It would be safe to argue that Nora's relationship to the various men in the play is almost predictable. Nora is a woman groomed to be a sort of conversation piece rather than a wife and mother.
The way she talks, the way she conducts herself, and the manner in which she expresses her emotions are typical of a woman whose sole purpose in life is to please everybody.
We can also argue that this desire is, indeed, altruistic. She really does not expect anything in return, except the natural desire that good people wish to receive by witnessing how their choices helped others. However, nowhere in the play can we get any form of proof that she gets even that much.
When she helped her father, he died. When she risked her dignity to help Torvald, he rejected her. When she complied with the requirements that Krogstad put upon her, he laughed at her. Even when she counseled Dr. Rank and tried to make him feel better, he simply isolated himself.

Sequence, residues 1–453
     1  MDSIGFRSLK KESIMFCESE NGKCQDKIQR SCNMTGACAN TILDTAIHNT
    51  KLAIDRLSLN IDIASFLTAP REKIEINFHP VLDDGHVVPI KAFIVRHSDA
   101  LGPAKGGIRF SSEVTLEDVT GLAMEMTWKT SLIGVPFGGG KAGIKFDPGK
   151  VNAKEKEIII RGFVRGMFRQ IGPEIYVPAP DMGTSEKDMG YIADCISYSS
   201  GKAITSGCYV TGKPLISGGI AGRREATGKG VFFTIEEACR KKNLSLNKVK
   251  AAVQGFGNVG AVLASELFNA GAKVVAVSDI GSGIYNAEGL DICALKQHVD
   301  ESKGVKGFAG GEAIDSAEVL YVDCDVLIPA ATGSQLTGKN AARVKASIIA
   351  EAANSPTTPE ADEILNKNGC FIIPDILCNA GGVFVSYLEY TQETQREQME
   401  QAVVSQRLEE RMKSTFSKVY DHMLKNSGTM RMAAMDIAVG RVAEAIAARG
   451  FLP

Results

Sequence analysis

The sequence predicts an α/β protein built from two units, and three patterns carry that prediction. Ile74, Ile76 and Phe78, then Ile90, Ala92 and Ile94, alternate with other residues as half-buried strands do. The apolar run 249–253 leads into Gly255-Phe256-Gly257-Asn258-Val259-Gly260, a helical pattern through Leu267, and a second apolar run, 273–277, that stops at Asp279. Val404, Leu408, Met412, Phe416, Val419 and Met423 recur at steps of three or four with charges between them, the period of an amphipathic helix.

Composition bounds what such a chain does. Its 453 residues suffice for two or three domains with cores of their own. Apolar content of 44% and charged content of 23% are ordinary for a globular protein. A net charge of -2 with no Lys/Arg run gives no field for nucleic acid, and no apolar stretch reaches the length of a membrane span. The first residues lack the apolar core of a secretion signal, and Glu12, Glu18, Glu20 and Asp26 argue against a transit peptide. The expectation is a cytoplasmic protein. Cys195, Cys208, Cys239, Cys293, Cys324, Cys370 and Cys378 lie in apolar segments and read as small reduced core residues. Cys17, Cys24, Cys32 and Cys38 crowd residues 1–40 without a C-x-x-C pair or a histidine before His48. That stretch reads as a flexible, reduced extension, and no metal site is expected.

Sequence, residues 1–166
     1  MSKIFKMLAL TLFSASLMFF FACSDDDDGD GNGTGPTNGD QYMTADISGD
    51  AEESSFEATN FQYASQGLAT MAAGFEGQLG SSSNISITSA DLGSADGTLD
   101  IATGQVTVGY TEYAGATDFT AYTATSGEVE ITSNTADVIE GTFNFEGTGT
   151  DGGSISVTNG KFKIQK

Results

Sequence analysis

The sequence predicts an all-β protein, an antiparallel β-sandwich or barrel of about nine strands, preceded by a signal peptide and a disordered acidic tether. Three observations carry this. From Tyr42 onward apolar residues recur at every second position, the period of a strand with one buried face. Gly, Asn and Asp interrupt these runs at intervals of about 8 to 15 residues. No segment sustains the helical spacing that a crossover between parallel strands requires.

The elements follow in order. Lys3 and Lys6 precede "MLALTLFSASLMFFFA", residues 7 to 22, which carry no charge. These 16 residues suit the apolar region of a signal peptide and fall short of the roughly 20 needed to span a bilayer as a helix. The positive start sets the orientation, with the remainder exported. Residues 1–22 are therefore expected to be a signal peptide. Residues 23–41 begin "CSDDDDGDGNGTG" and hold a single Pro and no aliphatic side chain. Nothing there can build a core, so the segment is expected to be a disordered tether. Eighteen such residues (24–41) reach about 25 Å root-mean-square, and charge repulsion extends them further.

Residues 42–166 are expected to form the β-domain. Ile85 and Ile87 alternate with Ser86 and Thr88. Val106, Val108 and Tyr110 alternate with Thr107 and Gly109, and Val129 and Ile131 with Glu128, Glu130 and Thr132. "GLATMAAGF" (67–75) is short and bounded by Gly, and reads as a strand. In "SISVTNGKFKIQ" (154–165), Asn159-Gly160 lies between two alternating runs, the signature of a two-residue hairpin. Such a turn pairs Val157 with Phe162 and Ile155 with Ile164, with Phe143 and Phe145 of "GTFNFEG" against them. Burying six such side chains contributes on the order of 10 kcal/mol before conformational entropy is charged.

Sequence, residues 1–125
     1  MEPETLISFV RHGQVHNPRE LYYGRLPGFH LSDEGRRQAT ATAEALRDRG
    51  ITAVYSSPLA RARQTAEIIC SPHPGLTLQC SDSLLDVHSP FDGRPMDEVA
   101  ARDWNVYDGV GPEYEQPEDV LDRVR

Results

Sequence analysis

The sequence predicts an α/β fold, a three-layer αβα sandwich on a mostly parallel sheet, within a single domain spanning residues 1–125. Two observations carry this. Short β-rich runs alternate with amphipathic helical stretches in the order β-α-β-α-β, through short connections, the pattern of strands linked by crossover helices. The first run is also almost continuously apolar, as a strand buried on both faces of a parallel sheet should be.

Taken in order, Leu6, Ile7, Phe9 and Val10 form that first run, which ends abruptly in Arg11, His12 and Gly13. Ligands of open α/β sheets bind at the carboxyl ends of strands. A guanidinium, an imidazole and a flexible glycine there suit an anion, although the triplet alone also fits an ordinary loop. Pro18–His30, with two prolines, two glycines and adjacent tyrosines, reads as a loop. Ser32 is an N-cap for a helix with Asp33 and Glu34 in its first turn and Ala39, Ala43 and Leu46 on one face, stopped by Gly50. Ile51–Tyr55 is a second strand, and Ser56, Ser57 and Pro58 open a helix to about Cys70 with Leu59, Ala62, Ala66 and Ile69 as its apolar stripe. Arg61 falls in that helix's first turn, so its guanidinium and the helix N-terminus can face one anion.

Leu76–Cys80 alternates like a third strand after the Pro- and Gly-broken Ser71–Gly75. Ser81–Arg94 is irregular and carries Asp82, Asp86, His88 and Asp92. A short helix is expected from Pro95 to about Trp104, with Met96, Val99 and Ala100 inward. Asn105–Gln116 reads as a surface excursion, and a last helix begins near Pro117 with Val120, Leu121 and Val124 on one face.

Therefore, we can conclude that Nora's relationship to the different men in her life is primarily aimed to be a nurturer and a support system. Sadly for her, society has another thing coming. She ends up leaving, wondering what else life could have in stock for a woman like her.